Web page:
Vaccine Reactions in Dogs

All veterinary procedures, including pet vaccinations, are risky. The benefits of vaccinating your dog outweigh the very small risk the majority of the time. In this post, our Edgewater veterinarians discuss the potential side effects of vaccines and what you should do if your pet experiences one.

Should I Vaccinate My Pet?

Vaccinations are an important part of protecting your pet from serious and contagious diseases which could threaten the long-term health and well-being of your furry companion. In most situations, the benefits of giving your dog or cat vaccinations greatly outweigh the risk of your pet experiencing any side effects. Although, once in a while, some pets do have side effects. But note that some are completely normal, such as your puppy yelping right after vaccination.

How many pets have serious side effects to vaccines?

Veterinary procedures, including vaccinations, are always risky. A vaccine, on the other hand, has a very low risk of causing serious side effects in your pet. It can be frightening for pet owners whose adorable animal companion is affected.

An estimated 13 out of 10,000 dogs will react.

What kinds of side effects can dogs get from vaccinations?

The majority of vaccine side effects in dogs are brief and mild, making them far less dangerous than the illnesses that vaccinations protect them from. Some of the most common side effects that pets experience after being vaccinated are as follows:

Lethargy & Slight Fever

  • Your dog being lethargic after shots (your dog might even have trouble walking after shots) is the most common side effect dogs get from vaccines. This can be characterized by your pet not acting like their usual self. This is a normal reaction to vaccinations, and the symptoms should be mild and only last one or two days. If your dog isn't acting like themselves in a couple of days, call your vet for advice.

Localized swelling

  • As a result of their medications, dogs frequently develop lumps and bumps. A small, firm bump may form where the needle pierced the skin. This is a normal reaction, but pet owners should monitor the area to ensure that the lump does not grow larger or show signs of inflammation, oozing, or infection. The lump should be painless and disappear in about a week. Contact your veterinarian if the lump shows signs of infection or does not disappear after a week.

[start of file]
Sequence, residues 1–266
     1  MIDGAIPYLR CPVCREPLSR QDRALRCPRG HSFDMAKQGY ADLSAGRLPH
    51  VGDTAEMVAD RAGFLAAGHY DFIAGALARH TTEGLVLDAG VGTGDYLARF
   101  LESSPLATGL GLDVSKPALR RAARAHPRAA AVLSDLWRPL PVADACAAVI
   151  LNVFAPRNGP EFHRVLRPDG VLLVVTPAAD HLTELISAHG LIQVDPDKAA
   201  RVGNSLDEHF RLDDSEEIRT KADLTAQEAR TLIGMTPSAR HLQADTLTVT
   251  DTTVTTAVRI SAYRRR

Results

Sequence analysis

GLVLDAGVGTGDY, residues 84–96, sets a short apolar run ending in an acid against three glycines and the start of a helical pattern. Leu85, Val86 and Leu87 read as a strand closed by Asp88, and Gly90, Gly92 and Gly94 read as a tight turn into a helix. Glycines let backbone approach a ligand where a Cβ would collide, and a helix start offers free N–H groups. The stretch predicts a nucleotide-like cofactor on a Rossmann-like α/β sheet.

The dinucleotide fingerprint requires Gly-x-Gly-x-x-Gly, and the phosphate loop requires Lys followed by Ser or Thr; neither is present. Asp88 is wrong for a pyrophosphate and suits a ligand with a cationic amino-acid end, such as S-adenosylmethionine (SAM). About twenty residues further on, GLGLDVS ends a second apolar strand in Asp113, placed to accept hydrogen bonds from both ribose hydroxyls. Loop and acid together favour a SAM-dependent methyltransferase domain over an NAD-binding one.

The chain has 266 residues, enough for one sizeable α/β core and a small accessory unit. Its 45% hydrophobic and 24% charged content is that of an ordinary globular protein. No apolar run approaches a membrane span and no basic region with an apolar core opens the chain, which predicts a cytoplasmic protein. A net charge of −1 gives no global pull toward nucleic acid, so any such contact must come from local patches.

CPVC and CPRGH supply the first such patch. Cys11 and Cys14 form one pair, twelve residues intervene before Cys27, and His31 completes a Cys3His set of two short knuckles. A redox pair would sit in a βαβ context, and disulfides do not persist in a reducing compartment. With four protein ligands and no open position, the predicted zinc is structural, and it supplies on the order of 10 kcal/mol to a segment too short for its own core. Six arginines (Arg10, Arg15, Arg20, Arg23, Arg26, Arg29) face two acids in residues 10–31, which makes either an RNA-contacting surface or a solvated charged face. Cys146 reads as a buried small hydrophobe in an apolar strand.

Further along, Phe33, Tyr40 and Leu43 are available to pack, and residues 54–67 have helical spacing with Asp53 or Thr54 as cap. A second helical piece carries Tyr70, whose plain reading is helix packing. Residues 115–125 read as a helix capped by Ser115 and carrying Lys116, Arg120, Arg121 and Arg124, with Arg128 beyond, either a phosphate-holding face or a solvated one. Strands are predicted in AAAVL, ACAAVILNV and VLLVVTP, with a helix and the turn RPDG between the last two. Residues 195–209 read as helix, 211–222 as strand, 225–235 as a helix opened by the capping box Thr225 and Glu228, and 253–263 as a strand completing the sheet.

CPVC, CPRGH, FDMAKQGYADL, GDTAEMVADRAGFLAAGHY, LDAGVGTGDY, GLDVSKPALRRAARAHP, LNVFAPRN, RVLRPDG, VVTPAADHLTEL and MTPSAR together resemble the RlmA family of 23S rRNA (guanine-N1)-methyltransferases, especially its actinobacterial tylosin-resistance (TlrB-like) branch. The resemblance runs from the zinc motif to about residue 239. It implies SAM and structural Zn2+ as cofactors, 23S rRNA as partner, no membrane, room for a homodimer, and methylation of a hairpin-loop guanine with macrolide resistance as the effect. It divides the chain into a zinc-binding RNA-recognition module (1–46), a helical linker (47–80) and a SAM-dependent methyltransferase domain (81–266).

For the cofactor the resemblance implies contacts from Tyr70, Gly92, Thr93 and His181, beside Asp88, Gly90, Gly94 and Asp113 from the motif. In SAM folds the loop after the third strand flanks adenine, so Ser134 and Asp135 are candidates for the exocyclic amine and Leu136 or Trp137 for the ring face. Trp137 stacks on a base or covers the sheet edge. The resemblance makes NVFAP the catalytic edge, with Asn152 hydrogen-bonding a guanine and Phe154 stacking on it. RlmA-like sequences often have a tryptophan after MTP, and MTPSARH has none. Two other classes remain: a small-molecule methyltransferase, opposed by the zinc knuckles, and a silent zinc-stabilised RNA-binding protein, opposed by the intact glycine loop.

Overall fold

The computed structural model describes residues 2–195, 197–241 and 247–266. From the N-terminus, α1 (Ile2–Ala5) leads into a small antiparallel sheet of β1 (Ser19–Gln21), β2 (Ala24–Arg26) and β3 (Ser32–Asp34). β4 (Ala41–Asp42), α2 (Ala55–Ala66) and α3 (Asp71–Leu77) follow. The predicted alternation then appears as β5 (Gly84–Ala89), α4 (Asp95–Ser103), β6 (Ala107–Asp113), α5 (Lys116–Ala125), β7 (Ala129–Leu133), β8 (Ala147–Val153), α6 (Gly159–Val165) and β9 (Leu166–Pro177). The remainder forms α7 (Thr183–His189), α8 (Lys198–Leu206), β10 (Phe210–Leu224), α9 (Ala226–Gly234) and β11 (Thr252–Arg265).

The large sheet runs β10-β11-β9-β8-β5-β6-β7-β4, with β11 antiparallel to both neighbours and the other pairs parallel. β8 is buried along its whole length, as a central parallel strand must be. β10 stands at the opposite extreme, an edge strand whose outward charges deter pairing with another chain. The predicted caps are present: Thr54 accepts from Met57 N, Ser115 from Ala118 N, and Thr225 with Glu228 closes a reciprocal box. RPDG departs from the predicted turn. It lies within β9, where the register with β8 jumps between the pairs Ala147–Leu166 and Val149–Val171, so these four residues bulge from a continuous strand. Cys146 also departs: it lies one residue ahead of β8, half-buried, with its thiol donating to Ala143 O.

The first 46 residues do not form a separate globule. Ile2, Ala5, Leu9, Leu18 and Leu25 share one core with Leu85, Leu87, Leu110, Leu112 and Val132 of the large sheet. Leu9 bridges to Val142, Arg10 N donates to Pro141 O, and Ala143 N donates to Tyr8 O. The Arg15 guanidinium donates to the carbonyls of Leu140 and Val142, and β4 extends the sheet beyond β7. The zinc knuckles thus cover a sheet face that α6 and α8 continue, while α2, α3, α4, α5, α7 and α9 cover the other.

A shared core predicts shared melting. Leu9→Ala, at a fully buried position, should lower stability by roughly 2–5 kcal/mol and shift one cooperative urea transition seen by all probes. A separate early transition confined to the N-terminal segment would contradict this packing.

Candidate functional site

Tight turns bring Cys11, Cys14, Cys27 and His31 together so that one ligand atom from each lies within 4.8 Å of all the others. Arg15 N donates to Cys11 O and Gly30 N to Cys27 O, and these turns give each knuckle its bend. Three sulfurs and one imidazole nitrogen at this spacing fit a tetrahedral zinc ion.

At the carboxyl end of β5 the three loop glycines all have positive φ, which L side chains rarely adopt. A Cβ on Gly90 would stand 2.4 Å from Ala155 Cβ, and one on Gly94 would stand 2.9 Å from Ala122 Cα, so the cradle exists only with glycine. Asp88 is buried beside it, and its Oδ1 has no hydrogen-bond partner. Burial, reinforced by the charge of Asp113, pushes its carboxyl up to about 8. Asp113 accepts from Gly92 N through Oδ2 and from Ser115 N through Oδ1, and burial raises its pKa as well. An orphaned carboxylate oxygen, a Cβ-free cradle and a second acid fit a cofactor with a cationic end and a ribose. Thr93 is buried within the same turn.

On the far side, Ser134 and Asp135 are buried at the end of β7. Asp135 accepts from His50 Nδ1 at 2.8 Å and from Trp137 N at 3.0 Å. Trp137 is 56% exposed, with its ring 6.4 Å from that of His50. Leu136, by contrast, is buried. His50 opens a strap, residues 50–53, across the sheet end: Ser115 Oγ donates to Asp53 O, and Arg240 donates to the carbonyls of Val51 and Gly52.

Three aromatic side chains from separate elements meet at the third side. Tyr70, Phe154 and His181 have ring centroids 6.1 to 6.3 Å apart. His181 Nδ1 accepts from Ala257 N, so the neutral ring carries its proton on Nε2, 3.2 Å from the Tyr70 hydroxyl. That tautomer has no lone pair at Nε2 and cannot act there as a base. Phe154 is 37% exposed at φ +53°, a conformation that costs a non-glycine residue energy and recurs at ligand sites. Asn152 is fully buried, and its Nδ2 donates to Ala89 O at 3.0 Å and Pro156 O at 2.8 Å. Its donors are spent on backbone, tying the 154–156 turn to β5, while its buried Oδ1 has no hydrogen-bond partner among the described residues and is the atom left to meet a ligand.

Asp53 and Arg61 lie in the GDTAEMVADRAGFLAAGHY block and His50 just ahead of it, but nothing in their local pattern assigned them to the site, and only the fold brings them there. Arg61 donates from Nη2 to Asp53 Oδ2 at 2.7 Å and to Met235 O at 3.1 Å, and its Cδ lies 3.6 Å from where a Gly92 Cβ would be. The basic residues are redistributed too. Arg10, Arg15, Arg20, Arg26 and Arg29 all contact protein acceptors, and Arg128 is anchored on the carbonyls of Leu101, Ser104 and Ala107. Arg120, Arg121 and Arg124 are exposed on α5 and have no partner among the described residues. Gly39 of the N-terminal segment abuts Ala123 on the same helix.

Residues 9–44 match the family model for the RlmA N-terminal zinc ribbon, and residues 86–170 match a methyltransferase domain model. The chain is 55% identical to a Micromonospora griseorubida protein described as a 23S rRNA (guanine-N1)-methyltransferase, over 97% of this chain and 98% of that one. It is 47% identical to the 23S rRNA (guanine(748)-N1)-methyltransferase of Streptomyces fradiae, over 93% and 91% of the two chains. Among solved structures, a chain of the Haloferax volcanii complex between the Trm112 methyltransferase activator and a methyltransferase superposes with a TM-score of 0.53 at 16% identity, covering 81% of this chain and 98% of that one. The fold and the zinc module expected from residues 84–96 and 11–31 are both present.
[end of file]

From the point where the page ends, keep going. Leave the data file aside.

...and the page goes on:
Sneezing & Cold Like Symptoms

  • While most dog vaccines are administered through injection, some are administered through drops or sprays into the animal's eyes or nose. Intranasal vaccine side effects include symptoms similar to a cold, such as a runny nose, coughing, and sneezing. Your dog's symptoms should subside in a day or two. If your pet's symptoms do not improve within a few days or become more severe, contact your veterinarian.

What serious side effects could my pet get from vaccines?

Most effects associated with puppies are short-lived and mild however, in a few rare cases more severe reactions requiring immediate medical attention can occur.

Serious reactions usually manifest within minutes of receiving the vaccine, but they can take up to 48 hours. Vaccines can cause severe side effects such as facial swelling, vomiting, hives, itchiness, diarrhea, and difficulty breathing.

The most severe allergic reaction that pets can have as a result of vaccinations is anaphylaxis. Anaphylaxis usually occurs shortly after vaccination in dogs and cats, but it is important to remember that anaphylaxis can occur up to 48 hours after vaccination.

If your pet shows symptoms of anaphylaxis after their vaccinations, contact your vet immediately or call your closest emergency veterinary clinic.

How can I prevent my pet from reacting to getting their shots?

Vaccines are an important part of protecting your dog's overall health. The risk of your pet having a serious reaction to a vaccine is very low. 

If your furry companion has had a reaction to vaccines in the past, be sure to let your vet know. Your veterinarian might recommend skipping a specific vaccination in the future. You can also let your vet know of a minor issue (such as your puppy crying when you pick him up after a vaccine) so that they may calm your nerves.

When multiple vaccinations are given at once to smaller dogs, the risk of vaccine reaction increases. If your puppy is a small or miniature breed, your vet may recommend spreading out your puppy's shots over several days rather than all at once.

If your dog is due for its shots contact our Edgewater veterinary hospital to schedule an appointment. You can also learn more about our pet vaccinations by visiting our website.